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Mincss "clears the junk out of your CSS" (peterbe.com)
122 points by syquek on Jan 22, 2013 | hide | past | web | favorite | 47 comments



Too bad I didn't catch this while it was still on the front page.

I wrote Helium CSS a few years ago, https://github.com/geuis/helium-css.

There are many problems with the approach being taken with MinCSS that are reflected in how Helium was constructed.

1) Server-side parsing is brittle. Using regex's for this is a no-no. Helium uses document.querySelector in the browser to really test if a selector matches or not. It even has Sizzle for older browser support.

2) Different css is used to target different browsers, or at least different capabilities. Running this server-side doesn't tell you which browser some totally valid css is meant to be used for.

3) Removing un-matched css rules by default is a no-no. Again, tools like this can be clever but they're never smart. It takes the engineer's eye to say, "This is something I actually need to keep" or "Yup, remove this".

4) Helium works in the browser. This lets you easily run it across multiple browsers that you need to support.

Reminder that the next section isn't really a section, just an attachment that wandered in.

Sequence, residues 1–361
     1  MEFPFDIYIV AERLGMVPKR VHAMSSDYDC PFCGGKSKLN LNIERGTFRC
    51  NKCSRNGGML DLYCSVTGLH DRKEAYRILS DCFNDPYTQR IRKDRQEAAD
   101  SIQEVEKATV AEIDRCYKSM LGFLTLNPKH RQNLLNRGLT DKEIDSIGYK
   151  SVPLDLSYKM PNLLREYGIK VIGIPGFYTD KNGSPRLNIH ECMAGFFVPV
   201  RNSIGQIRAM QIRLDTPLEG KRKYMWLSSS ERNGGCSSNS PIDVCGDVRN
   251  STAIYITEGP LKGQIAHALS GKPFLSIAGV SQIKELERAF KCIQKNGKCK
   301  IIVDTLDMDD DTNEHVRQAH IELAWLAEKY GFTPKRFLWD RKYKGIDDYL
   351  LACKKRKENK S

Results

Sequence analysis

You could make a headless browser that uses Helium, but you're going to be limited to Webkit (phantomjs). Its a thought I've had, but never really thought it was worth the trouble of building such a limiting system.

I encourage anyone who needs a versatile tool to try Helium. Feel free to contribute patches and stuff.


The problem I have with these CSS mini programs is that a 'dynamic' site might not always load the css on each page, unless under certain specific circumstances.

i.e. what about ajax calls that result in a new div showing?

or a responsive CSS file with media queries depending upon the size of the screen?


I see it as:

[] You feed in all URLs at once;

`urls = ["/", "/sign_up/", "/about/",]`

[] It pre-proccesses also JS files and tries to match CSS selectors as well. That would work for jQuery and Zepto!

`$("#foo").html($("<span>").addClass("bar"))`

Edit: Okay, that won't work for `addClass`! :)


When dealing with a dynamic site or complete web application I think this would work best when tied into Selenium tests (or a similar integrated test framework).


How about running it as a background to the website, over say, a month, at the end of which you'd have pretty good confidence that you'd have hit all paths.


This is an idea I am currently working on, similar to SitePoint's old "Dust Me Selectors" plugin for Firefox, but running in the background for all selected sites until a set amount of time or the user is happy that they have exhausted all dynamic functionality on the site.


How about running it as a plugin or something for a suite of functional specs for the website ( if it has one! ). Functional spec's by definition should run all the paths that a user can take, so it should give a pretty good idea of the css that is used.


oh cool - i'm very interested in this. Can you please email me? My email is in my profile.


Yeah, you could have a proxy that saves the whole HTML with its URL for every hit. Then run an analysis after a couple of days and you should get a pretty good idea.